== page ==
• Act No. 9 addresses what is commonly referred to as the 3-year rule, whereby carriers are generally required to continue to offer homeowner’s coverage where a policy has been in place for more than three years even if the company otherwise might wish to cancel the policy. The bill is a gradual relaxation of the current law, repealing it with respect to policies written after August 1, 2024, and for legacy policies, allowing carriers to non-renew/cancel up to 5% of their policies subject to the 3-year rule.
  • Removes the prohibition against cancelling, nonrenewing, or increasing deductibles on homeowners’ policies issued after August 1, 2024. (Effective May 7, 2024)
  • Permits insurers to file a plan with the insurance commissioner to non-renew up to 5% of its existing customers’ policies per calendar year for any reason. (Effective January 1, 2025)

Act No. 10 (formerly Senate Bill 295)
*Effective May 7, 2024

  • Act No. 10 replaces Louisiana’s pre-approval system with a file and use rating system, a change that brings Louisiana in line with the majority of states that use some form of competitive rating system. Under this bill, insurers’ rate filings are deemed approved upon filing though they can be disapproved by the Commissioner within a 30-day window from the date of filing. Proponents have suggested that this change would increase the speed to market for insurance products. 

What’s Next?

It will be interesting to see later this year and into next year how Louisiana’s homeowners’ insurance situation will be improved given these new legislative measures. Companies would be well advised to review their policies and operations under these new provisions to maintain compliance and minimize exposure.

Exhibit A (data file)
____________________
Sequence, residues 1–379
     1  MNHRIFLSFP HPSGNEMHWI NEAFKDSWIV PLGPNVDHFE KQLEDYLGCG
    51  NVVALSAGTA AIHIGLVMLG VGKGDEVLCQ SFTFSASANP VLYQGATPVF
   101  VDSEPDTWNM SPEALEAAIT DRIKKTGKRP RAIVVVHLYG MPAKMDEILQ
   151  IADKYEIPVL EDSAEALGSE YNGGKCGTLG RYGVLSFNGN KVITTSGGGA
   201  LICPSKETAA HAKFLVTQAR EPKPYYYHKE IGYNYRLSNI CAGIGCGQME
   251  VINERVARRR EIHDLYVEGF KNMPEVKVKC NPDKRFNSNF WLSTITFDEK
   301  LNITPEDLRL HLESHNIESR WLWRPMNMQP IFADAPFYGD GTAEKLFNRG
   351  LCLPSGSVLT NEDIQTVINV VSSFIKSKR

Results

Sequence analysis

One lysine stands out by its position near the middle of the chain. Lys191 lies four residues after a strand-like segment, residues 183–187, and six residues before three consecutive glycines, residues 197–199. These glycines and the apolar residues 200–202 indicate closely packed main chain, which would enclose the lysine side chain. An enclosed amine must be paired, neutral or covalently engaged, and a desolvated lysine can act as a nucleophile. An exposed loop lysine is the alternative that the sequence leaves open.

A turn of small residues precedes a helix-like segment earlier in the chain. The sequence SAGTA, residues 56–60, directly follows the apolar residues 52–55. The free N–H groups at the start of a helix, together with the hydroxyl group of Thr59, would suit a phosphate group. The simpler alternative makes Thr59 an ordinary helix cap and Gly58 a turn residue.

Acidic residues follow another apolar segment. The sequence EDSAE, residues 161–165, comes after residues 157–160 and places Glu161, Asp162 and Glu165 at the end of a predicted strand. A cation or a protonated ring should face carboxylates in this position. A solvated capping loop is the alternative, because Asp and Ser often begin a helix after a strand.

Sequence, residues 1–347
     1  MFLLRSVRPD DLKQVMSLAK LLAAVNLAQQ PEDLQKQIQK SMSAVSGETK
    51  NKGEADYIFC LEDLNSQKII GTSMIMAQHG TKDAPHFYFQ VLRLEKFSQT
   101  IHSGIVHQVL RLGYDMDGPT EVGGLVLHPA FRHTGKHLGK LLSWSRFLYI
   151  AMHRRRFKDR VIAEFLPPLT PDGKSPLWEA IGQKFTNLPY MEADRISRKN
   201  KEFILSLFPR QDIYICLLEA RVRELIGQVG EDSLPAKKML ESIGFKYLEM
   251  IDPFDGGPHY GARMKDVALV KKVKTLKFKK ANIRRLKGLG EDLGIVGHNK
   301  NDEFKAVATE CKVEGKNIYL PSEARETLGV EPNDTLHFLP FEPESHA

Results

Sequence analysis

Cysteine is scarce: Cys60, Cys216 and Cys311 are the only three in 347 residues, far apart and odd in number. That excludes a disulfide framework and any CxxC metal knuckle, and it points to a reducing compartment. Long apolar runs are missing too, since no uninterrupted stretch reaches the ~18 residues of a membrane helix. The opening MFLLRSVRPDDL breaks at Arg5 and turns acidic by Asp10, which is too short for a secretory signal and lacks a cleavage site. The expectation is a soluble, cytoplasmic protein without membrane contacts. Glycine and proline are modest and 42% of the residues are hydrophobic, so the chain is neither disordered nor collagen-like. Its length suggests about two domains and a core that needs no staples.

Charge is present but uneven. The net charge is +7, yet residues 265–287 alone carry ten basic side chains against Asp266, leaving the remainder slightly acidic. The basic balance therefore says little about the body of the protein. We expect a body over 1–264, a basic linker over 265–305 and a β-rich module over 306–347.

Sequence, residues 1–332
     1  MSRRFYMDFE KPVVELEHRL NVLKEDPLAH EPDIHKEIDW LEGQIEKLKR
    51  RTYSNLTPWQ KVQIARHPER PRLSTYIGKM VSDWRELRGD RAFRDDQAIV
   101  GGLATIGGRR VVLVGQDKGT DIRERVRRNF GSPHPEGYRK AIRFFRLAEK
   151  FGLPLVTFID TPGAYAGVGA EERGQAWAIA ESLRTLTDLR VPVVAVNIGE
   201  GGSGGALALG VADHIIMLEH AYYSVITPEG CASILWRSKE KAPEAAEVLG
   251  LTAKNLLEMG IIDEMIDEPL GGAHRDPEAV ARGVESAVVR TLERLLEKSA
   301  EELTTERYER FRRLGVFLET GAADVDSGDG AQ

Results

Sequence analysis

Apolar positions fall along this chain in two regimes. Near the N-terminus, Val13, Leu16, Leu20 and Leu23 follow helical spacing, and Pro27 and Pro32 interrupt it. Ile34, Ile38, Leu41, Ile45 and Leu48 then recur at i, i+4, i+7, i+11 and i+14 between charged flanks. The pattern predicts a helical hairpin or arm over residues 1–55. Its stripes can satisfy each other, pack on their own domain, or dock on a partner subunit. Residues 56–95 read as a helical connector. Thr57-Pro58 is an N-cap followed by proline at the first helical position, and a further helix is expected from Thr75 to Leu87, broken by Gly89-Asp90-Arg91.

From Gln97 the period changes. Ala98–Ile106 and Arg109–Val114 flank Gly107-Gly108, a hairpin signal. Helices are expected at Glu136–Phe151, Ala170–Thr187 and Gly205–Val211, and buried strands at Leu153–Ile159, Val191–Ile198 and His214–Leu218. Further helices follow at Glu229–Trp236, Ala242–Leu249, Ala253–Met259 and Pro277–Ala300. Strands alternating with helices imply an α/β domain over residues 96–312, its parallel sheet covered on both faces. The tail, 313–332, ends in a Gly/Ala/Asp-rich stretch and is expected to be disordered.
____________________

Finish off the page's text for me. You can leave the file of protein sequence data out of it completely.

About Our Authors

Chris D’Amour is a Partner in the Adams and Reese New Orleans office and member of the firm’s Litigation Practice Group. Chris defends insurance companies and commercial entities in casualty, coverage, bad faith, property, cargo and transportation, products liability, class action, multidistrict litigation, commercial, construction, E&O and professional liability litigation, handling matters out of every office in the firm’s footprint.

Taylor Brett is a Partner in the Adams and Reese New Orleans office and member of the firm’s Litigation Practice Group. Taylor represents clients across multiple industries, predominately in the energy and natural gas sectors. His work covers a broad spectrum of legal issues involving commercial disputes. 

Kellen Mathews is a Partner in the Adams and Reese New Orleans and Baton Rouge offices. He practices in administrative and regulatory matters, litigation, insurance, and government contracting and government relations. In 2024, Kellen was ranked Best Lawyers “Lawyer of the Year” in Baton Rouge in Administrative/Regulatory Law.